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Parents could have to home school children because of ‘unaffordable’ petrol prices

Parents could have to home school children because of ‘unaffordable’ petrol prices Parents could have to home school children because of ‘unaffordable’ petrol prices

PARENTS could have to home school children because they cannot afford the petrol to drive them to class.

MP Robert Halfon said mums are having to make the painful choice because fuel is “unaffordable”.

Parents could have to home school children because of ‘unaffordable’ petrol prices[/caption]

The stark warning by the Tory boss of the education select committee came as the price of filling up a family car with petrol smashed the £90 barrier for the first time.

Furious Conservative MPs piled pressure on Chancellor Rishi Sunak to slash fuel duty to help struggling families with “eye-watering” costs.

Mr Halfon said: “I have had constituents who have told me they have had to sleep in car parks overnight because they cannot afford to drive home.

“A mother has said to me she is thinking about home educating her child because of the cost of driving to school.

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“It is the biggest cost for millions of people.”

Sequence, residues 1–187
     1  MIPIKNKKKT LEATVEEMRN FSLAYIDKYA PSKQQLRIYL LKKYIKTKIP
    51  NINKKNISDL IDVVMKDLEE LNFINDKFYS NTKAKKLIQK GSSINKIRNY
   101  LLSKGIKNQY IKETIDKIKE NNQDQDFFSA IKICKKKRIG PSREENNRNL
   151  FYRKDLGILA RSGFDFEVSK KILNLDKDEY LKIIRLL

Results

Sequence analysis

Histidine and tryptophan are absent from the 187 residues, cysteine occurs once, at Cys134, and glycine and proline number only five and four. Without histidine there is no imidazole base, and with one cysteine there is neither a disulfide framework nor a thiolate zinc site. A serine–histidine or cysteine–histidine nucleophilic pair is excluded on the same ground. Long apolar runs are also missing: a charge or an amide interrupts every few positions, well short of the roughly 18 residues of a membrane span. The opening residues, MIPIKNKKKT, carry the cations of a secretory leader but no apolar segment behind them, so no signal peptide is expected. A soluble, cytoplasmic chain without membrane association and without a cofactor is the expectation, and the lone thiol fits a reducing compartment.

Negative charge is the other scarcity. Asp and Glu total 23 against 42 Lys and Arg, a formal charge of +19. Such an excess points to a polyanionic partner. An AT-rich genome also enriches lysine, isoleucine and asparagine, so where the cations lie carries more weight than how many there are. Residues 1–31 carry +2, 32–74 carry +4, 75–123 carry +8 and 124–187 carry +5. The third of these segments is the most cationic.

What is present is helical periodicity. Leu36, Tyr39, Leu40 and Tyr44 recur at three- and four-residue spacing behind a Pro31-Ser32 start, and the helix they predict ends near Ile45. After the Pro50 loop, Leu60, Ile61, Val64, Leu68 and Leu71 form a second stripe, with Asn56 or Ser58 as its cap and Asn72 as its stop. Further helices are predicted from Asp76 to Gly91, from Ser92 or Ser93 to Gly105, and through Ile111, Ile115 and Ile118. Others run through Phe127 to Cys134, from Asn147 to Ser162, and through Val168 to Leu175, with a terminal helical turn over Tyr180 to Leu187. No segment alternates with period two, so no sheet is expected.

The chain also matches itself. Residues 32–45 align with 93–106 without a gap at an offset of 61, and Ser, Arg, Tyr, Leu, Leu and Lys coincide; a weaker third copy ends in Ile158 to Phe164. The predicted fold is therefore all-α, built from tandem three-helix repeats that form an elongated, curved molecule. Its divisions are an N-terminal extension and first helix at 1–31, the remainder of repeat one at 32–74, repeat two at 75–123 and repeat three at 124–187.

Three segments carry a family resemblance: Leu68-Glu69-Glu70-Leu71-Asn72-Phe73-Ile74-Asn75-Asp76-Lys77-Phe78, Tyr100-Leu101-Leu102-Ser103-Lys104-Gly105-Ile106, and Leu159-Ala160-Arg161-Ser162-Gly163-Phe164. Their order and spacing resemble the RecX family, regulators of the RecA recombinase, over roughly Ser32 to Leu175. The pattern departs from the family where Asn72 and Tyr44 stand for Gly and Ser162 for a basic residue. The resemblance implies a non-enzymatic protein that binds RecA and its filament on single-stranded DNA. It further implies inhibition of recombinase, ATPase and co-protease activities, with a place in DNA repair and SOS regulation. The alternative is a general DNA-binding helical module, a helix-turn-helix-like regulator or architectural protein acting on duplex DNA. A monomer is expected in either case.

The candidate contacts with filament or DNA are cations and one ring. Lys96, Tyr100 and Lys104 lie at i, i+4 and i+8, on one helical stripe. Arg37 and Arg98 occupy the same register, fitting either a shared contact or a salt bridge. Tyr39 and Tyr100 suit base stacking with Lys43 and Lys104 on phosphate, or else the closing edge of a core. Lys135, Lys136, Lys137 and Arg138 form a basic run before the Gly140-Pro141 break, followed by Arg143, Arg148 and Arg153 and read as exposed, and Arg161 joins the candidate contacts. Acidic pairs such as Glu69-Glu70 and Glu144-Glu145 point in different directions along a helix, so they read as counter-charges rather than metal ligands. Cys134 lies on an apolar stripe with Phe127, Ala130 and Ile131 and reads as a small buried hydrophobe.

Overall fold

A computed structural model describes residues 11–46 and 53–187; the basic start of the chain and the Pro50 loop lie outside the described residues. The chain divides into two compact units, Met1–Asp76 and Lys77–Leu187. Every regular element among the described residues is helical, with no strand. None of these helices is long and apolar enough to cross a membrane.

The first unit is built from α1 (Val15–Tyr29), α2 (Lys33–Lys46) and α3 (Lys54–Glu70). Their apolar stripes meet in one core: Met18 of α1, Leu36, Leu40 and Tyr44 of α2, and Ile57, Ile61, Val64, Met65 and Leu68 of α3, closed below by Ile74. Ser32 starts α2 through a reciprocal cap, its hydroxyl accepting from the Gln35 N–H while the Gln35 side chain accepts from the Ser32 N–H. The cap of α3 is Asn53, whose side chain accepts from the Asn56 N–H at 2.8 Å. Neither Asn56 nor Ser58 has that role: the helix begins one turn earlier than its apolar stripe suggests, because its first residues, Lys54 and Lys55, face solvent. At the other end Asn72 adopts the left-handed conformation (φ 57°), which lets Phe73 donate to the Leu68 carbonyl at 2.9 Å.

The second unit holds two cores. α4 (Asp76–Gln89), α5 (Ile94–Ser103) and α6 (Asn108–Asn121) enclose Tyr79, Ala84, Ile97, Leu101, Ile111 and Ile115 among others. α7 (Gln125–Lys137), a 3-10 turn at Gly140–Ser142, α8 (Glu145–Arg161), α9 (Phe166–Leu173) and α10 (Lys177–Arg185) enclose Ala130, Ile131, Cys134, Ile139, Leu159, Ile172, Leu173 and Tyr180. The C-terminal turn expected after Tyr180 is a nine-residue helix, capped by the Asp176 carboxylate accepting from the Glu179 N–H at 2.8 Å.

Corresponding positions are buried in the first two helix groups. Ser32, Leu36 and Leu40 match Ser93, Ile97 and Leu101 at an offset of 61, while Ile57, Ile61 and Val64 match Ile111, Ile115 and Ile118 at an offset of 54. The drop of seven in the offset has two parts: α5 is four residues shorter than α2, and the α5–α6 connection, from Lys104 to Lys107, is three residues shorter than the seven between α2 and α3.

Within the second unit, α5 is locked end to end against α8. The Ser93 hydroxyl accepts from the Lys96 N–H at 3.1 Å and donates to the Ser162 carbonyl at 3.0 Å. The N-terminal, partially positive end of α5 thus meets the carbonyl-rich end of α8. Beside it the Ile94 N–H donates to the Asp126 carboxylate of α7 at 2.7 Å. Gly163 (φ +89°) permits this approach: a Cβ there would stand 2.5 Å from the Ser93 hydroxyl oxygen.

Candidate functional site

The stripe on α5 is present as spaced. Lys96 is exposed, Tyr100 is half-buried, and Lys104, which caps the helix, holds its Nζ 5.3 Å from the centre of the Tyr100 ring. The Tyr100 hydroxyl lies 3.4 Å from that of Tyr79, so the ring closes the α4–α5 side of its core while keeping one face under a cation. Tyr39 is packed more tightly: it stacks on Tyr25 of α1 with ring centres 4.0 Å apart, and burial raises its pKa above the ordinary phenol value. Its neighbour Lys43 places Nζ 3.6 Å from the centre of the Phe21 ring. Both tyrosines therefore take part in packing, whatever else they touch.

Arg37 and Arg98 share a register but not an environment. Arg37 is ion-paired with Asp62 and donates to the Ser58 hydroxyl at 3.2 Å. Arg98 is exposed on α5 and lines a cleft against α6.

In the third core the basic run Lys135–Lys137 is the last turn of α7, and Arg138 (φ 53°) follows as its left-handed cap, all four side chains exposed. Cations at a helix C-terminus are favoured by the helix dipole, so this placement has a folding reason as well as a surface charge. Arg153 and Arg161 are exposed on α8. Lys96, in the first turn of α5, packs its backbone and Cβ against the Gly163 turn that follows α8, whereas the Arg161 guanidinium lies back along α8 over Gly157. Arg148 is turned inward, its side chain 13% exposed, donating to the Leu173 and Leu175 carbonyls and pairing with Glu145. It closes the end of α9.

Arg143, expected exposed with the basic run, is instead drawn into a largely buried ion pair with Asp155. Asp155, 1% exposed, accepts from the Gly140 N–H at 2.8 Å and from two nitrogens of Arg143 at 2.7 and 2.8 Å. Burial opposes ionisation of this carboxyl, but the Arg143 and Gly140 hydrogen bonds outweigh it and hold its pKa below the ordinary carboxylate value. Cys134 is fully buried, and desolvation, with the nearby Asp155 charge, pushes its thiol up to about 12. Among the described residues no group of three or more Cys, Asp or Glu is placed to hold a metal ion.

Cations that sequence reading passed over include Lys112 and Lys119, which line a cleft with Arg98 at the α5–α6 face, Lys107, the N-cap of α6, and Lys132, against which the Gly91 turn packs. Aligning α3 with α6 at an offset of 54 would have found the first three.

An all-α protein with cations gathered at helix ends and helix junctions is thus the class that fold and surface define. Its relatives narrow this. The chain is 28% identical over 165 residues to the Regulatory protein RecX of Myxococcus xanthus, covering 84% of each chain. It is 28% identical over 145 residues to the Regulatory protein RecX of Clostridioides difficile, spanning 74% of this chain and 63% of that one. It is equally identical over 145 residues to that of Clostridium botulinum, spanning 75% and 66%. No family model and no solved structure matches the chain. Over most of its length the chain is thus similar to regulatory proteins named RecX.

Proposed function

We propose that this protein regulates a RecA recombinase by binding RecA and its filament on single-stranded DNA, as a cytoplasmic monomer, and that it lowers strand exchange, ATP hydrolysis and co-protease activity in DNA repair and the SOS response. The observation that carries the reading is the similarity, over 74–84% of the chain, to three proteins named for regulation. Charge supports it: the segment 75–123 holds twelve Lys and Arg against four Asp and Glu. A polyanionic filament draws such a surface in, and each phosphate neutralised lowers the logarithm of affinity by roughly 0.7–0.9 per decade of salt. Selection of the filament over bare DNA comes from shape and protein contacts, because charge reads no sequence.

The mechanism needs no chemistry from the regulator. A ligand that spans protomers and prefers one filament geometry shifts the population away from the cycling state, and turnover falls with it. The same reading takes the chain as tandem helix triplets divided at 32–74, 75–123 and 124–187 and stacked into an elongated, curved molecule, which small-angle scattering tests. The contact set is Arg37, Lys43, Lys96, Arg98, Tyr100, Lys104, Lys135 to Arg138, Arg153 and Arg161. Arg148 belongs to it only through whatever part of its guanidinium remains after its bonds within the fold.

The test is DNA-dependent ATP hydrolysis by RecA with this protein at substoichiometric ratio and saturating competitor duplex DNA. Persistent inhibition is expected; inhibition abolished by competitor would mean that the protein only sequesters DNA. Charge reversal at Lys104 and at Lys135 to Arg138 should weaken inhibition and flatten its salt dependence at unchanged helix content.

Mr Halfon is among a growing army of MPs urging the Treasury to act in next week’s mini budget.

In a stormy session of Parliament yesterday, Jake Berry, the leader of the Tory Red Wallers and a close ally of Boris Johnson, told Mr Sunak to cough up.

He fumed: “With the cost of fuel now being an eye-watering £2 a litre in some areas, it has led to a huge VAT windfall for the Treasury.”

Fellow Tory MP Fay Jones said the cost of living “is biting hard”.

And another Conservative Giles Watling urged No 11 to reduce fuel duty for those who rely on their motor for work.

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Mr Sunak said he would “bear in mind” the suggestions.

Meanwhile, the PM today heads to Saudi Arabia and the United Arab Emirates to urge them to ramp up oil production as the world weans itself off Russian energy.

Fracking well plug ‘on hold’

MINISTERS are ready to approve another delay to the concreting over of fracking companies’ wells.

Energy minister Greg Hands said regulators were set to “consider favourably” a new request to kick the June deadline into the long grass.

He admitted shale gas could be part of our future energy mix as the PM mulls whether to look again at fracking to boost UK supply.

But he insisted that the fracking ban was still in place.

Tory MP Lee Anderson told the Commons: “Concrete or not to concrete is the question.

“Frack or not to frack.”

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